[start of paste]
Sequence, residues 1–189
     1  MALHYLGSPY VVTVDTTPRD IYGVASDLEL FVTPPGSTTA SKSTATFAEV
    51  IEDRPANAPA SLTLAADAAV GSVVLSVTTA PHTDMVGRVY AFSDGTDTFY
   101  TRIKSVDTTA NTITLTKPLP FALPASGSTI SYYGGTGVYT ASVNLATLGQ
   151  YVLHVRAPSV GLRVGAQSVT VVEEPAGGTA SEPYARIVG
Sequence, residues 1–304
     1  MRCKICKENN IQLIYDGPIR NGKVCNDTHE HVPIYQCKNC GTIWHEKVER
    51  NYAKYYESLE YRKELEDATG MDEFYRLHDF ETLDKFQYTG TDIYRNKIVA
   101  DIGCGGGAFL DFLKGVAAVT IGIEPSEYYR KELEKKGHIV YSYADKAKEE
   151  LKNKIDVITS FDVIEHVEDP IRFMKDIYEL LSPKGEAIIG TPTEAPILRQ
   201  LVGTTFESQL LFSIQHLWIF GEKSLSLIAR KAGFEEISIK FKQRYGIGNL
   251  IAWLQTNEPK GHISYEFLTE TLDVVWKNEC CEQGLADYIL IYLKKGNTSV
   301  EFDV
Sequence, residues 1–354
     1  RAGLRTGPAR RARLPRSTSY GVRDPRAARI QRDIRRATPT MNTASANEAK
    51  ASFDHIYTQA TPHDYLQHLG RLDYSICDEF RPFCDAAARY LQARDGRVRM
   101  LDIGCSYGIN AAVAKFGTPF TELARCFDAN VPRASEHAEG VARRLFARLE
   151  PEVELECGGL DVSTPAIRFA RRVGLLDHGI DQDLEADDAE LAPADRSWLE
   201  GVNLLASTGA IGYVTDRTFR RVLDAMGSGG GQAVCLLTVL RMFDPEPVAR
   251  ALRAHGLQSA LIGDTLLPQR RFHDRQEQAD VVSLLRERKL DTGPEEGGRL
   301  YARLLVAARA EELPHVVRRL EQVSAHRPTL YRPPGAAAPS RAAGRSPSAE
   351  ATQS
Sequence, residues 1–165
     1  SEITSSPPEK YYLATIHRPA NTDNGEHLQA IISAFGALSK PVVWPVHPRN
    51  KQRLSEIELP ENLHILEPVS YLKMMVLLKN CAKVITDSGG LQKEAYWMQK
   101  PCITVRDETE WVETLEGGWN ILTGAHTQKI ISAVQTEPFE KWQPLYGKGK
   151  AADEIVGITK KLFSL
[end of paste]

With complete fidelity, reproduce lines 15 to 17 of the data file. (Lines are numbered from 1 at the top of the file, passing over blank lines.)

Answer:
     1  RAGLRTGPAR RARLPRSTSY GVRDPRAARI QRDIRRATPT MNTASANEAK
    51  ASFDHIYTQA TPHDYLQHLG RLDYSICDEF RPFCDAAARY LQARDGRVRM
   101  LDIGCSYGIN AAVAKFGTPF TELARCFDAN VPRASEHAEG VARRLFARLE